NYSE Margin Debt Plunges To Mid-2010 Levels, Still 60% Higher Than May 2009 Lows

Tyler Durden's picture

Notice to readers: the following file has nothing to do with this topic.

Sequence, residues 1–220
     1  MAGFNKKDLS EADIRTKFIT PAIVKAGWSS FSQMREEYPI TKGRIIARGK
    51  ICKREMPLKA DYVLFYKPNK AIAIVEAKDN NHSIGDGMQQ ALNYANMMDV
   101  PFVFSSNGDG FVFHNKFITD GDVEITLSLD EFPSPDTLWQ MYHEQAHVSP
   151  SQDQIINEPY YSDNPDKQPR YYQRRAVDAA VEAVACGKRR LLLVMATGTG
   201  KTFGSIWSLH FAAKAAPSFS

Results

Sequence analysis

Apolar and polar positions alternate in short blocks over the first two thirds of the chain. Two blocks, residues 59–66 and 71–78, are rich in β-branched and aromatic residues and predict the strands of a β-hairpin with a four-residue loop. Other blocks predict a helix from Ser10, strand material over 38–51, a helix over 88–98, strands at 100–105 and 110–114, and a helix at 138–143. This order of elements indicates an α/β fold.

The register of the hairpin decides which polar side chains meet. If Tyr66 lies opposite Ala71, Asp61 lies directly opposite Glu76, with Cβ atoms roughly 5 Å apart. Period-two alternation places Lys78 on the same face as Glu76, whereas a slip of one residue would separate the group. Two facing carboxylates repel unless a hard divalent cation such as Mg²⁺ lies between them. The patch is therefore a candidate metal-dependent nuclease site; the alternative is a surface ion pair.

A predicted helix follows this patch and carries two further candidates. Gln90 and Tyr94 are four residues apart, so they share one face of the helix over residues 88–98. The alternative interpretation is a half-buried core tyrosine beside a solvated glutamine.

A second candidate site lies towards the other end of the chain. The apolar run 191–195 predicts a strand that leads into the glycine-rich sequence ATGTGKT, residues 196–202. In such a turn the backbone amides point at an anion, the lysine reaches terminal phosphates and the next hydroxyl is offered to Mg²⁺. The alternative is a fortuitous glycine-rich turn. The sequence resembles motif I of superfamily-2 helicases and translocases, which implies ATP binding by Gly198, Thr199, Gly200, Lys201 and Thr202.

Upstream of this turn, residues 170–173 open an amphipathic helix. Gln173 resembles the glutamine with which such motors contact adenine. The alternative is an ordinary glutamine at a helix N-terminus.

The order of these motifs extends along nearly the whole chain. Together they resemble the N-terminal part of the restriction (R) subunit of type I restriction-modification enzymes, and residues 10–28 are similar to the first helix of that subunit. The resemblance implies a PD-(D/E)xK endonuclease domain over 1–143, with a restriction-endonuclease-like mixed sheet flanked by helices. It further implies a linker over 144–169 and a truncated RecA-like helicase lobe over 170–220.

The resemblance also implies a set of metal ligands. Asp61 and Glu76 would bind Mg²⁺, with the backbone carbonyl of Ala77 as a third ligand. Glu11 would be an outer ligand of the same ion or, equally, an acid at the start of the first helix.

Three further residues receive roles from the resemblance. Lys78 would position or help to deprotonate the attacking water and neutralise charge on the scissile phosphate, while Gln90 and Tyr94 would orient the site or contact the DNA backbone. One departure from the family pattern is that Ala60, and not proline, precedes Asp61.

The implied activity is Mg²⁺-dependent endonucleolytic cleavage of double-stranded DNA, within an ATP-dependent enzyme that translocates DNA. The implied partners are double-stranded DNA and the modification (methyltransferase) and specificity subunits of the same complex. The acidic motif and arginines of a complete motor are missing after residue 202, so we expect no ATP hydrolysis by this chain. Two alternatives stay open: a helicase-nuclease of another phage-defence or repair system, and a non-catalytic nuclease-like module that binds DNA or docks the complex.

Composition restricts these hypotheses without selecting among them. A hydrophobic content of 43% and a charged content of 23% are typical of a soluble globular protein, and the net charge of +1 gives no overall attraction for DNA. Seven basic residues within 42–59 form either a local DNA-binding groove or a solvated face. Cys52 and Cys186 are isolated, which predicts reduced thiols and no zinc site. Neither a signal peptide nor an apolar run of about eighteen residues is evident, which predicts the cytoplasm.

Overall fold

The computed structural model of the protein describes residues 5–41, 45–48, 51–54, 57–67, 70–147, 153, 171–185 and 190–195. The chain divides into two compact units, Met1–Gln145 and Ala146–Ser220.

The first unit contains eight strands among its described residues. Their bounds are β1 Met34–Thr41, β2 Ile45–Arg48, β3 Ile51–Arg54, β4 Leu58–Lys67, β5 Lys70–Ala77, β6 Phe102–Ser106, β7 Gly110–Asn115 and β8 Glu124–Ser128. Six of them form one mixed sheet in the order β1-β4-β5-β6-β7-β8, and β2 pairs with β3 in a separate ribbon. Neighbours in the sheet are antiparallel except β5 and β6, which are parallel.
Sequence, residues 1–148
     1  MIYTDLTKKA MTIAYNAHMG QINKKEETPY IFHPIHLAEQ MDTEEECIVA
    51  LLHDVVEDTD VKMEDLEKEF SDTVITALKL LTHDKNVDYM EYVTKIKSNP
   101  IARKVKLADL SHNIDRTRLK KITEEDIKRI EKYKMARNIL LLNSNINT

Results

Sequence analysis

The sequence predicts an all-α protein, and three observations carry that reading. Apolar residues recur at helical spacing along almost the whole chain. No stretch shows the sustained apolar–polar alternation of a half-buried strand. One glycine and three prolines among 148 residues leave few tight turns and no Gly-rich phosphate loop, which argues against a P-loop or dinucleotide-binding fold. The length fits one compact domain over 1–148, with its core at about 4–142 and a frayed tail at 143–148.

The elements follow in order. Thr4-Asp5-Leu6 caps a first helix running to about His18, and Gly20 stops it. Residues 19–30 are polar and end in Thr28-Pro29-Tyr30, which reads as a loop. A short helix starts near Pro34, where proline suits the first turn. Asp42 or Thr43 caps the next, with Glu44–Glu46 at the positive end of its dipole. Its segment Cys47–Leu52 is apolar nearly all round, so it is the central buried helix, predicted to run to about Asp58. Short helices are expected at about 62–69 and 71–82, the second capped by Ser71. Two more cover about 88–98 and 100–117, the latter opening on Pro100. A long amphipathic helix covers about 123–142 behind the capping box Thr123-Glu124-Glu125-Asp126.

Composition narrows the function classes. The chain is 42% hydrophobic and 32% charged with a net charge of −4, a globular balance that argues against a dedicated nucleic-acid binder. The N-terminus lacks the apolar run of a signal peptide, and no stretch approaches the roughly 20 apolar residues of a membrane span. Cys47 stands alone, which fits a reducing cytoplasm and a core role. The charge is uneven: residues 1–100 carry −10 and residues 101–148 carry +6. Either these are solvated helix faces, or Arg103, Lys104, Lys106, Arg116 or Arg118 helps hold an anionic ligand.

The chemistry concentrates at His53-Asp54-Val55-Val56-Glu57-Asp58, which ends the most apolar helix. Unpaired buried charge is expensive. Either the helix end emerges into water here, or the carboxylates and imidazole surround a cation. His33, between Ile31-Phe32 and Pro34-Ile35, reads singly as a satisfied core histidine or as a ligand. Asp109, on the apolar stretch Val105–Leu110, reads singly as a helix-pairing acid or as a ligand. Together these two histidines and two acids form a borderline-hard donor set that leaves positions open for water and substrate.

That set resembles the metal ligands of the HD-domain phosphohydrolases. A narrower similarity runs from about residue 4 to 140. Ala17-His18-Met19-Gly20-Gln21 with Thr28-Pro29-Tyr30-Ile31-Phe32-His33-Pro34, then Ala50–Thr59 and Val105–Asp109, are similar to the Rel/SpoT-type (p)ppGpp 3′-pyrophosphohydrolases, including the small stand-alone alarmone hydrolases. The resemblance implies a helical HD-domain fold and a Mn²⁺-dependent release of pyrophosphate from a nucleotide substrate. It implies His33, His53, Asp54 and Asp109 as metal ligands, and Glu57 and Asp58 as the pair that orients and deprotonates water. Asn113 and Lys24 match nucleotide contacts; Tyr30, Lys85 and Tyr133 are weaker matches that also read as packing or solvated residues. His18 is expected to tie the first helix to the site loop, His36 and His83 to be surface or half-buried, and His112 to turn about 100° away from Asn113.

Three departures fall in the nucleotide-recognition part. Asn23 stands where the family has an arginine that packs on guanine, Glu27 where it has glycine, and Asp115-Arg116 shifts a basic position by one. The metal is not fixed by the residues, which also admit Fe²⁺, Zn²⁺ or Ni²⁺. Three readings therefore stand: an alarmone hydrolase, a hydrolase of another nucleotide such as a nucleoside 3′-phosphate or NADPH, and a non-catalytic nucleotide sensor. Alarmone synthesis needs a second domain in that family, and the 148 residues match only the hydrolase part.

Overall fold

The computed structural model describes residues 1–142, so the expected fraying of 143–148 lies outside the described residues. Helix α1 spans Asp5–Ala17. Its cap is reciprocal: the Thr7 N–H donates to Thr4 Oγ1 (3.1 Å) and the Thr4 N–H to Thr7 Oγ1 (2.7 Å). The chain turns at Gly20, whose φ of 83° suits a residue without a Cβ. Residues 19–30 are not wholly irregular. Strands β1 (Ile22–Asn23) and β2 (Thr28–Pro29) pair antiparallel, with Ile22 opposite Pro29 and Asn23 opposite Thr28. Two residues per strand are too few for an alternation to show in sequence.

There was some good news for the bulls in the just released NYSE August margin debt update. Chief of these was that margin debt plunged from $306 billion to $272 billion in the past month, the lowest since the $270 billion in October 2010, which was to be expected considering the explosion in volatility of the last month. This means there are that fewer levered long positions that need liquidations/margin call collateral compliance. Another consequence of the market plunge in August was that Net Worth, or Margin Account credit balances, and Free Credit Cash accounts less Margin debt, the most direct proxy for levered beta pursuit, after hitting an all time low (negative net worth ) in May, has surged to nearly unchanged, or just ($4) billion, the most "unlevered" investors have been since June 2010. There is some bad news too however. And it is that at $272 billion in margin debt, there is still far, far more leverage in the market than at the market lows in March 2009, $99 billion or 56%  more to be specific, even as many of the economic and market indicators are back to those levels, and in some cases even before. In other words, people still refuse to believe that any market meltdown is for real. And once the margin calls start coming in, the convergence with the 666 on the SPX could come in a matter ot weeks if not days (and, courtesy of the ubiquity of HFT which can just slide the power switch to OFF nowadays, potentially hours).